EPISODE I: A story of food labelling and sugar told by Javier Guzmán from VSF
VSF Justicia Alimentaria Global (Global Food Justice) is an association whose mission is to promote a fair development model for rural environments in pursuit of food sovereignty, as well as to raise awareness on solidarity among society.
We have spoken to Javier Guzmán, director of VSF, about many issues related to the food industry that are directly affecting us from various perspectives: socially, economically, environmentally, and healthfully speaking. This is the first episode of a series of publications, as the interview will be progressively published over the following weeks given its extension and the amount of valuable data and information contained in each of Javier’s answers.
Currently, VSF has several ongoing campaigns to protest against the unethical practices carried out by food companies, involving aspects as the labelling or the “hidden sugar” in the majority of their commodities, among many others.
QUESTION. The EU has a regulation on food labelling that states that companies must provide consumers with transparent and detailed information about the ingredients of their products. How is it possible that this [the excess of sugar we don’t see but ingest] occurs?
ANSWER. Basically, because the battle about labelling was won by the industry. In 2011, there was a big debate about food labelling and Big Food had certain objectives… No one was fighting on that information being displayed on labels, but on HOW that information is displayed. Consumers’ organisations were requesting that labels were placed on the front of the packages, in clear and legible print, in different colours, useful so that you can make a decision about what you are buying in few seconds.
They [the industry] ensured that labels were displayed on the back instead, in small print, with no colours, not very intuitive, and containing confusing information. Unless you bring a calculator with yourself it is impossible to know the amount of different elements on it. That is related to the interests of the lobby.
There is a key point: for years, in Spain and Europe we have been claiming the existence of the nutrient profiles, as the World Health Organisation (WHO) recommends. These profiles tell us the amount of fat, sugar, and salt, and allow us to discern between healthy and unhealthy products. I believe they were approved in 2009, and they have been in a drawer in the EU since. They can be accessed and consulted, but there hasn’t been any regulation after their approval, because the lobby doesn’t want it; because in the moment that we are able to discern between healthy and unhealthy food, we will be able to regulate advertising of food aimed at children, regulate taxes, and bring up some policies that foster healthy eating while discouraging the opposite. But it is there, precisely, where the big industries have their large profits margins.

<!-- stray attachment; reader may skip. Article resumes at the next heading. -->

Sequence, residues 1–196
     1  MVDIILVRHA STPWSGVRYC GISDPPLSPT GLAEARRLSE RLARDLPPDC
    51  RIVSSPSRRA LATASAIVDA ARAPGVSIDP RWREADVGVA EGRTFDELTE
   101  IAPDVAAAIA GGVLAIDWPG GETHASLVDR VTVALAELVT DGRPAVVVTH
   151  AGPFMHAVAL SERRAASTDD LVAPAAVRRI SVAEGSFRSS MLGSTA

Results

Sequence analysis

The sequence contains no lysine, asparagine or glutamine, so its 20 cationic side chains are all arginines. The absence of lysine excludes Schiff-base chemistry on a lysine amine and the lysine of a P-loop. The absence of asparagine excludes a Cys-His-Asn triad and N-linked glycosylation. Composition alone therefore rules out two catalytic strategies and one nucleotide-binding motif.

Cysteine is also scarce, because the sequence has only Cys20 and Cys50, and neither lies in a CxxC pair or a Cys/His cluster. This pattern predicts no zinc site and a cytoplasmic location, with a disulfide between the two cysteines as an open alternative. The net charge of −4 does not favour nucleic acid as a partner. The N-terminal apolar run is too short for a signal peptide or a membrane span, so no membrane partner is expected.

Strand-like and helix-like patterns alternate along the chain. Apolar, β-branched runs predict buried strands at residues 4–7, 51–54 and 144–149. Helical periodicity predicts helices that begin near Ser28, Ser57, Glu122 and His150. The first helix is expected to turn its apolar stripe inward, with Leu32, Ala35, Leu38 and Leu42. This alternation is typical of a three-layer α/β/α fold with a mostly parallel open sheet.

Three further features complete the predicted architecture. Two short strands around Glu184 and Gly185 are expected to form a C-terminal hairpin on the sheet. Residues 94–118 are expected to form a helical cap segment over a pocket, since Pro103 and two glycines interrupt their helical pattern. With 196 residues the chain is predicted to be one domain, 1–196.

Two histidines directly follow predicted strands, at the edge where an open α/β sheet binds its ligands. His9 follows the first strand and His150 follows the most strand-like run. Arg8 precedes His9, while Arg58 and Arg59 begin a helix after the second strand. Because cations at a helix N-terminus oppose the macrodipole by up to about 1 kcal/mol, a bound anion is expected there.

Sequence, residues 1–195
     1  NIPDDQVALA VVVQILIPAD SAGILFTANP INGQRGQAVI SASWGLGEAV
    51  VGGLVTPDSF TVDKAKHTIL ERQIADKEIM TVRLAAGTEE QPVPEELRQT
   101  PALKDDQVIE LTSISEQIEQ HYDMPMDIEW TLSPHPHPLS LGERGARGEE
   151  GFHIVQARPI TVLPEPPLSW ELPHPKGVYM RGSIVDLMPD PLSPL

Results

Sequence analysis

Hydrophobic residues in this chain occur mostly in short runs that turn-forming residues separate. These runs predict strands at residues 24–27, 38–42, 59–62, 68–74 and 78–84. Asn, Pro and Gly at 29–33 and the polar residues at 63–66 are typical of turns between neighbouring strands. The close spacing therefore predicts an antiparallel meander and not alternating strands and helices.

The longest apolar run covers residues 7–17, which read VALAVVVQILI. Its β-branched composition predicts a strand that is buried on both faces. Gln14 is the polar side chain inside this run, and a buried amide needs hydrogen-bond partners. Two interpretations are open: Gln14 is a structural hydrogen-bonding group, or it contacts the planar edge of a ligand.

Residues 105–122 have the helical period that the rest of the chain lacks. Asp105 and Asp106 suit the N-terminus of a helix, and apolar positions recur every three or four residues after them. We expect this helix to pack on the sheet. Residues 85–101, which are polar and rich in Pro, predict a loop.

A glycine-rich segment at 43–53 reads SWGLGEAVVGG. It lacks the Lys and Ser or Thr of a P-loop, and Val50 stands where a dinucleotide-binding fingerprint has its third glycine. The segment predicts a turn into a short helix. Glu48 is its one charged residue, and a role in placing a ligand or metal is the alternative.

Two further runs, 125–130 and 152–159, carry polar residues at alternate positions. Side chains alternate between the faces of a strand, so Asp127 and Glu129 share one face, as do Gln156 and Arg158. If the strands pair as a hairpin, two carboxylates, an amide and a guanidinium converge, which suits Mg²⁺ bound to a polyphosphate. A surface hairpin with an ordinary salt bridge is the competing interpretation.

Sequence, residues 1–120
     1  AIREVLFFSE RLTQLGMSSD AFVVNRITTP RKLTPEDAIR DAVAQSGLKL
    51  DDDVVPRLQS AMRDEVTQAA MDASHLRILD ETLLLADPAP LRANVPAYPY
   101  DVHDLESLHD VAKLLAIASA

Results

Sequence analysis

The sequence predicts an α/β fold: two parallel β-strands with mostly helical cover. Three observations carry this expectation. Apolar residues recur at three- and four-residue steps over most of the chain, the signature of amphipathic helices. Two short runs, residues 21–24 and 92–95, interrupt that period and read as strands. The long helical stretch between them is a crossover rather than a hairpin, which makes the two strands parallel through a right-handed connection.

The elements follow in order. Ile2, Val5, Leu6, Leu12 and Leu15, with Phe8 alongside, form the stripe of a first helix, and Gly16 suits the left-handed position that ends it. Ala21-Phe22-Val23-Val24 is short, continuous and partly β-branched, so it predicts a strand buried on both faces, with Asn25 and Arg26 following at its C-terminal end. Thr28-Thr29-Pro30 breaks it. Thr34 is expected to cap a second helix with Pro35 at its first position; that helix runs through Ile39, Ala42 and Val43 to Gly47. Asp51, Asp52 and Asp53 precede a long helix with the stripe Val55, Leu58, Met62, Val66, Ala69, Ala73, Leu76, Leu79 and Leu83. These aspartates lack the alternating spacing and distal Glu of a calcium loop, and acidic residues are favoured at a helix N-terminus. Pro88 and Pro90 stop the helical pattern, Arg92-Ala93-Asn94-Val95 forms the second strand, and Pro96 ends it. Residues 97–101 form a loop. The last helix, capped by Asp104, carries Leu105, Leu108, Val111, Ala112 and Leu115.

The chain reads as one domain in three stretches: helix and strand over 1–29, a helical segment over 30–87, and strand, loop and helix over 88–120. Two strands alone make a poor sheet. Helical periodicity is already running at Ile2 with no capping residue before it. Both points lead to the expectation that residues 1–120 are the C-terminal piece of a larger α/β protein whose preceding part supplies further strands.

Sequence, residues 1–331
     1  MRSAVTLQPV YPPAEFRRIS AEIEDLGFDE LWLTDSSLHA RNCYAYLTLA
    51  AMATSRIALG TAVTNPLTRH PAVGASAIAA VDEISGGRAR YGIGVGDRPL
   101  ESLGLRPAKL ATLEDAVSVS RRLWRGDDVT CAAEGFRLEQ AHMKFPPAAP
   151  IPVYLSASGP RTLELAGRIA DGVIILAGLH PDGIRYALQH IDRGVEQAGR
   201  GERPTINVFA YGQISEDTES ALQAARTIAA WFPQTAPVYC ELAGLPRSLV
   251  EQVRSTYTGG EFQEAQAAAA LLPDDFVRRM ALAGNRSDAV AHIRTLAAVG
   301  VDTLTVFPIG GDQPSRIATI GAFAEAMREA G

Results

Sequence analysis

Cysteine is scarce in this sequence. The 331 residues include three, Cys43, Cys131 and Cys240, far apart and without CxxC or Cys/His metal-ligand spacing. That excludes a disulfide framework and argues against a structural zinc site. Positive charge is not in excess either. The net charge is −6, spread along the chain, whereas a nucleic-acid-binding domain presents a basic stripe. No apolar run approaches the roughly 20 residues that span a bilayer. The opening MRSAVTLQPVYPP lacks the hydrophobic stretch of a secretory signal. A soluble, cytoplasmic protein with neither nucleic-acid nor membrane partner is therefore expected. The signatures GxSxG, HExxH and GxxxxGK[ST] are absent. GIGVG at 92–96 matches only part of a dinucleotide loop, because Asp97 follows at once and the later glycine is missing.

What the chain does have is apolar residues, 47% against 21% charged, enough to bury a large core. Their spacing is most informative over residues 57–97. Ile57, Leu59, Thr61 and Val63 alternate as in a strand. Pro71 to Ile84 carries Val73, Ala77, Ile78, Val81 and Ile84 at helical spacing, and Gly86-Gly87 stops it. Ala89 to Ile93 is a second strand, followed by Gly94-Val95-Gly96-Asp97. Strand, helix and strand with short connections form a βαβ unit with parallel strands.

There is a question we need to ask ourselves. Sometimes, people may think that the EU and the states have a security apparatus in regards of food that protects consumers, but actually the reality is far from this idea. There are enormous levels of complacency and closeness to the industry, and we need to ask ourselves: “What interest does the industry have in protecting consumers’ health?”
MORE ABOUT VSF
As we have seen above, VSF fights in pursuit of food sovereignty, understood as a proposal to dignify the livelihood of farmers and to guarantee environmental, social and cultural sustainability of the right to food for the whole world’s population.
The association was founded in Barcelona 30 years ago, and their objectives are currently listed as follows:
- Work on a productive agro-ecologic strategy, without establishing differences between north and south.
- Support and strengthen farmers’ associations in their structuration and alliance processes in pursuit of food sovereignty.
- Claim the access of these farmers’ associations to the production resources, defending public policies such as those relating to agriculture, fishing and forests.
- Value women farmers work in different areas (familiar, social and agrarian) in order to wipe out any kind of oppression or discrimination against them.
- Foster critical thinking and activism by protesting against the agro-food industry and its business model at the expense of human health.